After opening its doors to pupils for the first time in August 2019, Bertha Park High School situated on the northern edge of Perth, has become a hallmark for state-of-the-art teaching facilities providing a dynamic learning environment capable of readying its learners for life and work in the 21st century.
Forming part of the Scottish Government’s ‘Schools for the Future’ programme, the £32.5m purpose-built school is entirely unique in being the first new, non-replacement secondary in Scotland for more than two decades.
Following an extensive two year build, the 1,100 capacity school, which features cutting-edge facilities including a stunning auditorium and performance space, a sports hall, gym and full size grass and synthetic football pitches alongside modern design elements such as street-style murals, was the 100th school to be built as part of Schools for the Future’s ambitious £1.8 billion initiative.
Beginning in 2009 the scheme, which is managed by the Scottish Futures Trust, aims to deliver 117 new schools across Scotland by 2020. The project, led by hub East Central Scotland on behalf of Perth and Kinross Council, with Robertson serving as the main contractor, forms part of an effort to accommodate Perth’s growing population.
Following an extensive consultation process with the local community Bertha Park High School, which has joined with US firm Microsoft to ensure it becomes a centre of excellence for digital technology, is adopting a widely welcomed and innovative approach to education with a considerable emphasis on digital learning. This includes every pupil being issued with their own device for use at school and at home to collaborate with each other and access learning resources and materials anywhere and at any time.
Enabling pupils to access and show their learning in more pioneering ways than with traditional methods, these devices will also help break down barriers to learning by adapting to individual learners’ needs.
A New Approach to Learning
Much has been made of Bertha Park’s different approach to learning. There are no personal mobile phones permitted during school hours and a daily mindfulness practice intends to prepare pupils for learning and for any challenges they might be facing. The school’s three core values – Respect, Respect, Respect – are emblazoned across its very walls.
As its new head teacher Stuart Clyde explains, the most impactful aspect of this new school will be on its relentless focus towards good relationships.
“Everything we’re doing differently has one purpose: to make the learners’ experience the best it possibly can be,” Stuart says. “We need everyone in our community: our staff, our pupils, and their parents to think a little differently about how we all interact with each other. The better the relationships between us all, the better the outcomes for our young people – it’s as simple as that.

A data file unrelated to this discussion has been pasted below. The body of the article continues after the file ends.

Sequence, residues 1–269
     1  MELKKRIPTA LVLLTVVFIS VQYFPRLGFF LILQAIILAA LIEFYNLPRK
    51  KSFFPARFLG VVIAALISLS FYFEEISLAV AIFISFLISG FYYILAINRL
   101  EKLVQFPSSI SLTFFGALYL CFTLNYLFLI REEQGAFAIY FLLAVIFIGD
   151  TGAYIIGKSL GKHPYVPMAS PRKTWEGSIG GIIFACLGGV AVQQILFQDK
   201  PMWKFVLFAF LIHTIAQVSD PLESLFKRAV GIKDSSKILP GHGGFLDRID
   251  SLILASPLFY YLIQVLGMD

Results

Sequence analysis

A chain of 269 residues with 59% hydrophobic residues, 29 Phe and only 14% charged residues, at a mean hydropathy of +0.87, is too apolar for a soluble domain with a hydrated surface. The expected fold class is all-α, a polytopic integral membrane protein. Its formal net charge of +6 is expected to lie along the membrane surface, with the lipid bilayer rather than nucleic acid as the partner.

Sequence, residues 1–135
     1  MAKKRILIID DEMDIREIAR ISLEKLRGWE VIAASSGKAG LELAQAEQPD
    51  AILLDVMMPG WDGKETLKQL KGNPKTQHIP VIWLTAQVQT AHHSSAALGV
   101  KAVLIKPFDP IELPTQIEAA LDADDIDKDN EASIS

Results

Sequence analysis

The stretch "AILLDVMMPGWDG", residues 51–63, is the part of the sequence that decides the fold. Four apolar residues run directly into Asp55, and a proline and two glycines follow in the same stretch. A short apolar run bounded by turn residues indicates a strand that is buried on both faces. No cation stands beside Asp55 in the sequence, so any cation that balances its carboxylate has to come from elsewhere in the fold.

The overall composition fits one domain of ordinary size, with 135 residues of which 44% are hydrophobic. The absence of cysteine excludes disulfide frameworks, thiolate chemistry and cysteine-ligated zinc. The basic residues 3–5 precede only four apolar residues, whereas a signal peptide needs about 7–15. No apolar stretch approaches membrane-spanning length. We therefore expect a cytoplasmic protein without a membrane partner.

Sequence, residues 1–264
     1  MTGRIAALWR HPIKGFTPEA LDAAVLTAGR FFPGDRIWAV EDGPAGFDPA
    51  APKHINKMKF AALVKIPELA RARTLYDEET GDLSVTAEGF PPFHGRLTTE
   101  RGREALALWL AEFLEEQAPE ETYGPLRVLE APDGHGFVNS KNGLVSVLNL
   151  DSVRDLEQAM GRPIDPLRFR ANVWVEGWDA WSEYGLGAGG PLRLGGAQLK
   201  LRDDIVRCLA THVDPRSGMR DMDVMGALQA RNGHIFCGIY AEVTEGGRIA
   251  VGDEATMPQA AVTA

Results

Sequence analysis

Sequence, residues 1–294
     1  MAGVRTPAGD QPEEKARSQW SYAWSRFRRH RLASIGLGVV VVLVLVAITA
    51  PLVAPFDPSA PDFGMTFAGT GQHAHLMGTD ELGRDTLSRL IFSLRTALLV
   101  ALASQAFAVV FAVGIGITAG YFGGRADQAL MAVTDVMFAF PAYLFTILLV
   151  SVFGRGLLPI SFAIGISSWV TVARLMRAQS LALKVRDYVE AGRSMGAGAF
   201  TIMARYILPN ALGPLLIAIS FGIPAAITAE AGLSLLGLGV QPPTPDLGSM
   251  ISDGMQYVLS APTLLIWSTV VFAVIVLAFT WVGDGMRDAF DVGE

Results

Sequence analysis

“Traditional schooling prepares kids for life in the 20th century – an environment that no longer exists. We asked ourselves what skills do kids need now? What environment do they need to learn in? By questioning everything and consulting with parents and pupils from the outset, we have made bold decisions that will see us write our own history.”
As Convener of Perth and Kinross Council’s Lifelong Learning Committee, Councillor Caroline Shiers has been involved in the school’s development since its infancy. Forming part of their ‘Securing the Future of the School Estate’ transformation programme which is currently underway, its opening signals the first in a series of a £175m investment for primary and secondary schooling across the region between 2018 and 2028 including the recently announced £50m replacement of Perth High School.
Cllr Shiers said: “The development of the brand new school is an important part of the Council’s programme to transform the school estate in Perth and Kinross and enable it to deliver a high quality environment for learning and teaching into the future.
“We are ambitious for all our children and young people and our ongoing investment for the future reflects the importance the Council places on giving them opportunities to achieve to their fullest.”
She added: “Undoubtedly the quality of education available across Perth and Kinross is a key consideration for any families with school-age children looking to move into the area.”
The Scottish Government’s Education Secretary John Swinney who cut the turf on the grounds of Bertha Park two years ago and who officially opened the school, said the Schools for the Future programme demonstrates a commitment to ensuring young people and teachers can thrive in modern, state-of-the-art buildings.
He said: “The all-new Bertha Park High School delivers a fit-for-purpose learning environment and modern sports facilities for up to 1100 pupils. Through the £1.8 billion programme, we are delivering schools that make a real difference to the lives of pupils, teachers and parents as well as the wider communities they serve. I am pleased that the Scottish Government was able to support the development of Bertha Park with £19.6m funding as part of the programme.”